When can I stop using contraception?

When you reach your 40s or 50s and start hearing more about menopause, you might wonder if it means you can stop using contraception. Or maybe you’re wondering if there are any risks related to using contraception as you get older.

So here we explain the basics of contraception in your 40s, 50s and beyond!

Stopping contraception

When you reach menopause, you can stop using contraception. Menopause is defined as having gone 12 months without a period. Or, you can stop using contraception when you’re 55. Even if you’re still having periods, it’s very unlikely you’ll get accidentally pregnant at this stage.

But if you’re not yet at menopause, what should you do? Current national guidelines recommend that at 50 years old, you stop using combined hormonal contraception like the pill, the patch and the ring. And the progestogen only injection is not recommended at this age either.

This is because some of the health risks, like the increased chance of developing blood clots or having a stroke, start to outweigh the benefits. You do not want to put your health at risk for birth control. So we suggest switching your contraception to a progestogen only method, like the progestogen only pill or the implant, or a method without hormones, like the non-hormonal coil.

Using the coil

Because the hormonal and non-hormonal coil can work for many years, the guidelines on when to stop using these are slightly different.

Whichever type of coil you have, you should have it removed when you reach 55. If a coil is left in place for too long, it increases the risk of infection.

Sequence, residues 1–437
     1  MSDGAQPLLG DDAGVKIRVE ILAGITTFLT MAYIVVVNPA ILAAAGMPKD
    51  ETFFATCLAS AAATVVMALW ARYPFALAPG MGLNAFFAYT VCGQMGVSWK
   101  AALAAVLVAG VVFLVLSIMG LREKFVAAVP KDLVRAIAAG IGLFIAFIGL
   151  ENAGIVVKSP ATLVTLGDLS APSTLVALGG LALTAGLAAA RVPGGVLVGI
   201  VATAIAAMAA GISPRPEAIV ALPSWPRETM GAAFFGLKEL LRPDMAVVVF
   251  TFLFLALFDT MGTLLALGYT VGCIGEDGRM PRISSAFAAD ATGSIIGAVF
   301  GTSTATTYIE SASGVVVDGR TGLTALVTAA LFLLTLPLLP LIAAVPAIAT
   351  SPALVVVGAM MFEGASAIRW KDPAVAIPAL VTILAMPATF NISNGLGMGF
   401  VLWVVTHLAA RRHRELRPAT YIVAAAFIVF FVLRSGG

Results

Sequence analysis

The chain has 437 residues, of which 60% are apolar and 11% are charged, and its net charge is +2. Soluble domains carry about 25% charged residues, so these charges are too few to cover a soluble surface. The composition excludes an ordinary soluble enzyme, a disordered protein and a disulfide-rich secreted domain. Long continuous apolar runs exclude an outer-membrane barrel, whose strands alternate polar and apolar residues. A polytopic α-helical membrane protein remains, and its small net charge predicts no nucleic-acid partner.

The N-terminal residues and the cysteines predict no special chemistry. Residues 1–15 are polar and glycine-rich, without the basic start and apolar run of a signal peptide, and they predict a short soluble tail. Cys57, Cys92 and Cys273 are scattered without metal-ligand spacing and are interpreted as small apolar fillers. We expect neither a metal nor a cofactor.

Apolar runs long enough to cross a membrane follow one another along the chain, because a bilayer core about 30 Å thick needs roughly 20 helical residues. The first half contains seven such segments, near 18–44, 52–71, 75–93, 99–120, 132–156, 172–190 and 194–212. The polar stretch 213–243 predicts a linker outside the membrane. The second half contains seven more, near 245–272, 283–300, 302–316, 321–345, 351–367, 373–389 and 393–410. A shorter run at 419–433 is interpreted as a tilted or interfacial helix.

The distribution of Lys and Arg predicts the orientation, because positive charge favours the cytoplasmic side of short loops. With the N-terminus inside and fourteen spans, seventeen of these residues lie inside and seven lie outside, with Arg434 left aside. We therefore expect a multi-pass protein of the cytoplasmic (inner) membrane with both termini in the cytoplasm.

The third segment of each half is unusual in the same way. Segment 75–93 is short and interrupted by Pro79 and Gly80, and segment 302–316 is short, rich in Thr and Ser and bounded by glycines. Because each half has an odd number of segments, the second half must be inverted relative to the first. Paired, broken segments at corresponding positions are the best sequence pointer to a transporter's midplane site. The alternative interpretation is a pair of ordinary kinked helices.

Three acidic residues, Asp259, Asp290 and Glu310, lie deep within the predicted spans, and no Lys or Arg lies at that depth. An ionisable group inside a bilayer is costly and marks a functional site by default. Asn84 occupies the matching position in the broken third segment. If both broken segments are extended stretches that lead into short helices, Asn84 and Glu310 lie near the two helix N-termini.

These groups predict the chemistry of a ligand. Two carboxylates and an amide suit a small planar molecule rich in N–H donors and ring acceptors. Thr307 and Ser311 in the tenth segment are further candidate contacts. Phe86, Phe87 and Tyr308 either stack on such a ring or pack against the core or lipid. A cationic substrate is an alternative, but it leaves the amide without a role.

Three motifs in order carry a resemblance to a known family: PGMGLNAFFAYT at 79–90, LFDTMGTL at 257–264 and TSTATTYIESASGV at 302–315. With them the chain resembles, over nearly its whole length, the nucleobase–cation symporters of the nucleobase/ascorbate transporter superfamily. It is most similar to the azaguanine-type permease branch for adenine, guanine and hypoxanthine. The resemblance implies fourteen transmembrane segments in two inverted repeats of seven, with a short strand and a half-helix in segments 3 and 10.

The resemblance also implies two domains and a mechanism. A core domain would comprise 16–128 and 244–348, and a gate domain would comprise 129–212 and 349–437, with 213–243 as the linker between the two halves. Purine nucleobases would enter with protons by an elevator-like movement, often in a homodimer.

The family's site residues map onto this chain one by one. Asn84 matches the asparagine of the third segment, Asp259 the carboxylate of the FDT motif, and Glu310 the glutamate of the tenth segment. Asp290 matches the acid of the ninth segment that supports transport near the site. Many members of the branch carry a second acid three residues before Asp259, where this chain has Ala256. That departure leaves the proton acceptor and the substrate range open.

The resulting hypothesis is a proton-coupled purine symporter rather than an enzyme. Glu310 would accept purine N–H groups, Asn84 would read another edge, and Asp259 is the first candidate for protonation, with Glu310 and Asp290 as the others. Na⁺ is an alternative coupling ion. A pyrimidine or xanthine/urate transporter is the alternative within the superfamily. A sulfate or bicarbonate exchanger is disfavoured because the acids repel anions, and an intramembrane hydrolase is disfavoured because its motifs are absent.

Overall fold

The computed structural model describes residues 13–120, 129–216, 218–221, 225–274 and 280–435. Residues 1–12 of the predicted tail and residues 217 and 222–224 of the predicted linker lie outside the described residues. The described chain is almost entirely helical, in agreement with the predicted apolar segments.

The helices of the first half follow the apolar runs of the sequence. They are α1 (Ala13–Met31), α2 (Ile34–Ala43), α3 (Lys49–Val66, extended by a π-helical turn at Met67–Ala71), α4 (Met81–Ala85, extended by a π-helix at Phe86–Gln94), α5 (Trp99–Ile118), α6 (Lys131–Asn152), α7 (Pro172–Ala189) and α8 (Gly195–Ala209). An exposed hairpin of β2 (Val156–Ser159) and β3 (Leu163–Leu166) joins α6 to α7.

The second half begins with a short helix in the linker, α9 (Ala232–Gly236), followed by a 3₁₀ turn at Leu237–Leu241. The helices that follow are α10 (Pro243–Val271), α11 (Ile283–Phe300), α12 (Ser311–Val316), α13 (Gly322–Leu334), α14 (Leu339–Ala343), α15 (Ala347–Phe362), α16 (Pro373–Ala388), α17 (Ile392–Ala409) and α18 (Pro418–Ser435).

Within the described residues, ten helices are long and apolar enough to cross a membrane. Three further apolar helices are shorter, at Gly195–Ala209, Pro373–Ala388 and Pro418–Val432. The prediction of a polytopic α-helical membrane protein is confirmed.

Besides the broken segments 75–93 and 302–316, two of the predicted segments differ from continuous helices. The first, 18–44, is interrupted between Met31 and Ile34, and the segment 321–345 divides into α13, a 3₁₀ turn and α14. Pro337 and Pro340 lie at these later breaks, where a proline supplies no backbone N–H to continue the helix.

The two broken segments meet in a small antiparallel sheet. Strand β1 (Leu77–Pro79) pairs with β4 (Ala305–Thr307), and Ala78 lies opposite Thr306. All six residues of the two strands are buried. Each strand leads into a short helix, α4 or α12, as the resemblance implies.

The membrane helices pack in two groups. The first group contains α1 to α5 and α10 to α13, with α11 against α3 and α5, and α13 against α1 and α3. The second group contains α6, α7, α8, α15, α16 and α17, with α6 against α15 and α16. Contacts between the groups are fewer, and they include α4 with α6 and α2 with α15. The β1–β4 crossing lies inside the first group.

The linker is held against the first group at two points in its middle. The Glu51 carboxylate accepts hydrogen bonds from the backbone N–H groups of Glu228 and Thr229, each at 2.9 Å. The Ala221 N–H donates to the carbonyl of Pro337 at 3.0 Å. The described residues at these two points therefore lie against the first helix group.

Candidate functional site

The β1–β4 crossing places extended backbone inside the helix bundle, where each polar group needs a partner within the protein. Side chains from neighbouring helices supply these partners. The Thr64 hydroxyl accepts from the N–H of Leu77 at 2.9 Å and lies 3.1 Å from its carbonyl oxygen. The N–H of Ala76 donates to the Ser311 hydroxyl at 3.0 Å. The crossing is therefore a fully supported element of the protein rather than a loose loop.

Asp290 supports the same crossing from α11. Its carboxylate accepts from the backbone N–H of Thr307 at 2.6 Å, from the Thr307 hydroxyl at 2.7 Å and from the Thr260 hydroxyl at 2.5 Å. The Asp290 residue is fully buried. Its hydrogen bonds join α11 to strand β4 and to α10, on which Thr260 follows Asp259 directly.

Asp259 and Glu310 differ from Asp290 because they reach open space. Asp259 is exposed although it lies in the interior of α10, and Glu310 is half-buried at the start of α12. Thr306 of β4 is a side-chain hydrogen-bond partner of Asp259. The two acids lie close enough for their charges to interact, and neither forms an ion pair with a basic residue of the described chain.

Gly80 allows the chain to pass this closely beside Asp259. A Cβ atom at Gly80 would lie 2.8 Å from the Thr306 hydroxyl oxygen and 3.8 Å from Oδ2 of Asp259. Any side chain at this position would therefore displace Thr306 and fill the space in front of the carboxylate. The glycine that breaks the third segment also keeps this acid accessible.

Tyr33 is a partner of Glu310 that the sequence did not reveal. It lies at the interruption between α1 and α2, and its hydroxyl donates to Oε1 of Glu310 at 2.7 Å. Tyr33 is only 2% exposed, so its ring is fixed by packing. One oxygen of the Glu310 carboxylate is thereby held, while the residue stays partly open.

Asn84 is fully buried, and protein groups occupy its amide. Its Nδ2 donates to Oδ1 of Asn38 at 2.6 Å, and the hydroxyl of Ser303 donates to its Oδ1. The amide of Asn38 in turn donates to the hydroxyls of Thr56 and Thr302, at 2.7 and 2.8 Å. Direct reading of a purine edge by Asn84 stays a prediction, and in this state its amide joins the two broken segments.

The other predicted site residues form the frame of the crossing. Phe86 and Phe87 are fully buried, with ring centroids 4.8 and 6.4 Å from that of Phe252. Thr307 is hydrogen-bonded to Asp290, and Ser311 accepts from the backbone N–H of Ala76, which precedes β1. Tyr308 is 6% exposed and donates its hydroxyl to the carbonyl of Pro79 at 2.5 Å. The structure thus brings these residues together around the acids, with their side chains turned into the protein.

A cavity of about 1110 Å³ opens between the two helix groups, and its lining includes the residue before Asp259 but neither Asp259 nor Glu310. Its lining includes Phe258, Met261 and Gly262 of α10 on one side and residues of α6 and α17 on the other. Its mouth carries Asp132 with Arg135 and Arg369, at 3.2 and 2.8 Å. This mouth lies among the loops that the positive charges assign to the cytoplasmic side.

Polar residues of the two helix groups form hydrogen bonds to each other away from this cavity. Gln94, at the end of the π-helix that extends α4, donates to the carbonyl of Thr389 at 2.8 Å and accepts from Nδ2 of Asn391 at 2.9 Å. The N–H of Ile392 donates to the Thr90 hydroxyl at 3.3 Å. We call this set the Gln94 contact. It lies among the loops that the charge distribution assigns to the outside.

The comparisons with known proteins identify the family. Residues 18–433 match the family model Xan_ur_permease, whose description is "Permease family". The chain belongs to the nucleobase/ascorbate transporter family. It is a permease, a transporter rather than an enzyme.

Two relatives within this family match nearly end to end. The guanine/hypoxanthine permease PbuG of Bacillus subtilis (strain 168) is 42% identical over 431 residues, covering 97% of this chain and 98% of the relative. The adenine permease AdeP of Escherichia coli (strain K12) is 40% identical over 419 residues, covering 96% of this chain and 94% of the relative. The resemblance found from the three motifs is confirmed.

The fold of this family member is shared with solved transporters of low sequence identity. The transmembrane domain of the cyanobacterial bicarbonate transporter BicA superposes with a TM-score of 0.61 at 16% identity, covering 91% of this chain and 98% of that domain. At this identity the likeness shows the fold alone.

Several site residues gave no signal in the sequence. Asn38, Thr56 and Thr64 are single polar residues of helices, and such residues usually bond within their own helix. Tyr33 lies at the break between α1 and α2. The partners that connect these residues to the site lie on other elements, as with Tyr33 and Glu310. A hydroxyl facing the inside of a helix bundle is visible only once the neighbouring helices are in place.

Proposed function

The non-hormonal coil, also known as the copper coil or Cu-IUD, can be used until you reach menopause, as long as you had it fitted when you were 40 or over.

The 52mg hormonal coil, also called the LNG-IUD or Mirena coil, can be used up to 55 if you had it fitted when you were 45 or older.

Always check with the clinician who fitted your coil for advice on when you need it removed, because the guidance can change.

Contraception and menopause

If you’re using hormonal contraception through your 40s and 50s, it will not affect the start of menopause symptoms or how long they last. But it can mask some of the signs and make it hard to know when you’re reaching menopause.

For example, if you do not regularly have a period because of your contraception, or it causes a very light bleed, it can be hard to notice changes to your natural period.

Whether or not you’ve stopped contraception or reached menopause, it's important to get any changes to your bleeding - like bleeding after sex, new bleeding outside of your monthly cycle, or bleeding that’s unusual in any way - checked out. You can always speak to your GP or your local sexual health clinic to assess any bleeding or sexual health symptoms.

It’s also important to know that if you start using HRT (hormone replacement therapy) for menopause or perimenopause symptoms, this will not work as contraception.

Don’t forget STIs

If you’re sexually active, no matter your age, you need to look after your sexual health. Even if there’s no risk of pregnancy, you can get an STI at any age. Use condoms to protect yourself and your partner, and test for STIs when appropriate.

Written by Hel Burrough. Senior Content Designer, SH:24 and Fettle
Reviewed by Helen Burkitt. Senior Sexual Health and Contraception Nurse
Published on: 08 May 2024